10 Things “The Voice” Should Fix For Season Two
Posted by Newson 06/30/2011 at 3:35 PM
There’s plenty to like about The Voice, starting with its premise–despite all the eventual focus on backstories and sob stories, NBC found four finalists with genuinely strong voices, compelling stage presence and kernels of real musicianship. It let them sing songs written after 2000, unlike American Idol, constantly stuck in stodgy or schlocky decades past. It didn’t bully or mock them, or even make a spectacle of them–two out of The Voice‘s final four singers were openly gay, but NBC neither made this a punchline nor scuttled around the topic like Idol did with Adam Lambert. Performance for performance, The Voice brought one of the strongest showings we’ve heard from singing competitions in years.
But you don’t have to be a perfectionist to notice that some things about The Voice just aren’t working. We’ve mentioned plenty in our recaps, but if you’re just now joining us, here are ten ways The Voice can polish itself up as it prepares for season two. Got other ideas? Comment and let us know!
1. FIRE CARSON DALY. PREFERABLY WITH ACTUAL FIRE.
Behold, the vacuum at the center of The Voice! Once an episode, Carson Daly was guaranteed to do one or most of the following: introduce the night with a shrug and a frown, mumblemouth his way through listless announcements, make corny dad puns, get caught on camera napping and/or fanning his paychecks. (We said “most,” not “all.”) Let him go back to arguing with Fred Durst. As for who should replace him, it’s easy: just pull the first person who walks by the NBC studio after you read this. It’ll be guaranteed to be a huge improvement!
2. FIRE ALISON HAISLIP, OR AT LEAST KEEP HER OFF THE AIR.
Every time the camera cuts to the room where Alison shills and trills, I consider calling the major U.S. datacenters and asking them to kill their part of the Internet. I know it’s 2011. I know you’re trying to start a global conversation or stay hip or fill up 10 minutes per episode. But it always goes like this: Alison finds the blandest people asking the blandest questions, and the contestants look like they’d rather be anywhere else.
3. STOP CHANGING THE RULES EVERY SINGLE EPISODE.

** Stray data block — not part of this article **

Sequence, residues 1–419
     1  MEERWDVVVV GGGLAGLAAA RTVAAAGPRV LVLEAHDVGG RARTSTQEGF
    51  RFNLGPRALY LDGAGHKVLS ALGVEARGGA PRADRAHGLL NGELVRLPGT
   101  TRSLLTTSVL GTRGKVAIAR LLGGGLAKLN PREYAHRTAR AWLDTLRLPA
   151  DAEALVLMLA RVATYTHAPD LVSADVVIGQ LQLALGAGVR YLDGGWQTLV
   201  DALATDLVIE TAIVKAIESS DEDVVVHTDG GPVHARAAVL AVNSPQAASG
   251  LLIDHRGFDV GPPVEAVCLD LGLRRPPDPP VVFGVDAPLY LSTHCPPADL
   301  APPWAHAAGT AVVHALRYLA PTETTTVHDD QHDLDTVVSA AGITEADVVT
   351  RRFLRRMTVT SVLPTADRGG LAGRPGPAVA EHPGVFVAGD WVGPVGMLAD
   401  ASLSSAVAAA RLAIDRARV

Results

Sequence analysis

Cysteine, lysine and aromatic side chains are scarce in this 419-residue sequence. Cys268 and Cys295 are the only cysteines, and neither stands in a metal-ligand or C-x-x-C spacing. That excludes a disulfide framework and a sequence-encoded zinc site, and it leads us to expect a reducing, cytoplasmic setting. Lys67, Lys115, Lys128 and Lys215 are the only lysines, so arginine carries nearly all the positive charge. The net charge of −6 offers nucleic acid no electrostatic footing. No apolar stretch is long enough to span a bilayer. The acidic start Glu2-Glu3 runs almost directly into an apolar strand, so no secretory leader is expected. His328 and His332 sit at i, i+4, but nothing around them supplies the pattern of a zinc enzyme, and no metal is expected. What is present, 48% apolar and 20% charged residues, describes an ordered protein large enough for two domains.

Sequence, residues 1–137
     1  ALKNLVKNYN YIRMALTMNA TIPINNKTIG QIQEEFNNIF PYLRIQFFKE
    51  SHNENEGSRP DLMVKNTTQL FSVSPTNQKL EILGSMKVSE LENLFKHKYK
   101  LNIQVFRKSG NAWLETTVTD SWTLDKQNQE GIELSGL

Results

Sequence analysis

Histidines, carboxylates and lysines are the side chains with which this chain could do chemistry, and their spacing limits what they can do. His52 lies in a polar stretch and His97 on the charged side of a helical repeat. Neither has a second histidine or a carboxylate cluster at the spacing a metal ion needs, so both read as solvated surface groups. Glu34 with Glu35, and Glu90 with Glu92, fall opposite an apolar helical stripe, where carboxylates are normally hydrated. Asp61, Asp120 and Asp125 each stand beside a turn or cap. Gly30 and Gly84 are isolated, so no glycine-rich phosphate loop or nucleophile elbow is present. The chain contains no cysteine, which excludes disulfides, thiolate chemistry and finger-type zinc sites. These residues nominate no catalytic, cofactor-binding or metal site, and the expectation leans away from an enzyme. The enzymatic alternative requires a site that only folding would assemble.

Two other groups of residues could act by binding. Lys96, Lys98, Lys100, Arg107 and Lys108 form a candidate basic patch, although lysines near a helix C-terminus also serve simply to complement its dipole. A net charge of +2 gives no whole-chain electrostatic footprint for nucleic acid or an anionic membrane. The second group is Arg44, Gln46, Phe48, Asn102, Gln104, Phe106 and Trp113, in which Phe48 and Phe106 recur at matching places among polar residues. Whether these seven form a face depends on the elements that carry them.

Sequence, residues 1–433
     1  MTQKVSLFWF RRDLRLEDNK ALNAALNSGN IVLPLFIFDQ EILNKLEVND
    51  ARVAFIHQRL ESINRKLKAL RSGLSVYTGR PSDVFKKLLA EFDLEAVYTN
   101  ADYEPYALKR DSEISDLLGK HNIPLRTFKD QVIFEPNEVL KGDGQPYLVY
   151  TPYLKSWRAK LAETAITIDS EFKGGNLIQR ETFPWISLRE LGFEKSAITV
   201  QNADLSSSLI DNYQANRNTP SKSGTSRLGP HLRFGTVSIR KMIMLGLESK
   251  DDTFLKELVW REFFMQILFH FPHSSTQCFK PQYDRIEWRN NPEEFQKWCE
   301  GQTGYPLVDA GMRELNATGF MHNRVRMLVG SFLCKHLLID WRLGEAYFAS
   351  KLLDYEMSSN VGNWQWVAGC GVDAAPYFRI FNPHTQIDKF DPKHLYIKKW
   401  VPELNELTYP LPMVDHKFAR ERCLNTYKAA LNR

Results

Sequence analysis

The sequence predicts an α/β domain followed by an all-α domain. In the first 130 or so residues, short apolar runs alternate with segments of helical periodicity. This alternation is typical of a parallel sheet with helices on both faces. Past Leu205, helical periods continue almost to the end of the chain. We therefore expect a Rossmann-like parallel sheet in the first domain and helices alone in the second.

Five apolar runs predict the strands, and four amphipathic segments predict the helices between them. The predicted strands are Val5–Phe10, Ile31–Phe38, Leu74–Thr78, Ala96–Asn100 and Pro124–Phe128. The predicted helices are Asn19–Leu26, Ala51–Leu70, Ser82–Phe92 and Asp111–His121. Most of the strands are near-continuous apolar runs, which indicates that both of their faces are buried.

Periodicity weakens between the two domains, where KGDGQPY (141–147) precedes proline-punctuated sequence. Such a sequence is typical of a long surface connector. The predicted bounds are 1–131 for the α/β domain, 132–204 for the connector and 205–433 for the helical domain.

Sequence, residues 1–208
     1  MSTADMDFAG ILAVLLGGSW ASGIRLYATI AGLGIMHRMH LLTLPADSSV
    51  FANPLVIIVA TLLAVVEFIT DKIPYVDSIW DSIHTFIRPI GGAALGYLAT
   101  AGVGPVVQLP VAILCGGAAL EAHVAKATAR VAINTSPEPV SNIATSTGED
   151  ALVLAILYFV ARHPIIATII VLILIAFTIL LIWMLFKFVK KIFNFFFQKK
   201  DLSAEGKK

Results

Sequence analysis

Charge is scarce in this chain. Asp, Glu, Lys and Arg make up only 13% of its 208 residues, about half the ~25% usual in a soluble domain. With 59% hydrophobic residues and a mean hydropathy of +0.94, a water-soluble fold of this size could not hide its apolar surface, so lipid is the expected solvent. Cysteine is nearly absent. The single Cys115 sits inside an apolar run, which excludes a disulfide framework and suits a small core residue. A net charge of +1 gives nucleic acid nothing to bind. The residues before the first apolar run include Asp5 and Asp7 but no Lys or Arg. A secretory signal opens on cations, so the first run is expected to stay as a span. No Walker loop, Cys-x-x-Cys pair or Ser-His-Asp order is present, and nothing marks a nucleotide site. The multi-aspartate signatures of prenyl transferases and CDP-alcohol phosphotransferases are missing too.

American Idol‘s voting system might get snarled every week in phone-line snafus and accusations of phone-company conspiracies (as if the telecoms haven’t got enough of those), but at least it’s easy to understand. You call. You vote. Most votes wins. How The Voice works depends entirely on which week you’re watching. The coaches get to pick! Then the coaches get to pick a few people! Then America gets to–well, vote, or buy, and they save one! Then America gets to only half-save someone after the coaches go 50-50! Then it’s all up to America, except only half the performances count! It was just as confusing to be shuffled through all these changes as it was for you to read all that. Next time, streamline.
4. LET THE CONTESTANTS PICK THEIR OWN SONGS.
Tori and Taylor Thompson might not actually have called Cee Lo an idiot, but turning a couple of country girls into an Andrews Sisters act was bound to be a spectacular failure, in every sense of both words. Ditto for Xenia being forced to step into Jessie J’s blustery void on “Price Tag,” or Lily Elise getting a Fergie song, or countless other examples. Notice how whenever a contestant insisted on making the call, that their performance turned out to be really good? There’s something to that.
5. HALVE THE RECAPS, DITCH THE PREVIEWS.
What’s the best way to kill any suspense about your show? Well, have votes be partially based on public iTunes charts, for once. (It’s like a legitimate DialIdol!) This was worst during the auditions–because they were pre-recorded, NBC’s producers got to show viewers every big moment–Nakia singing “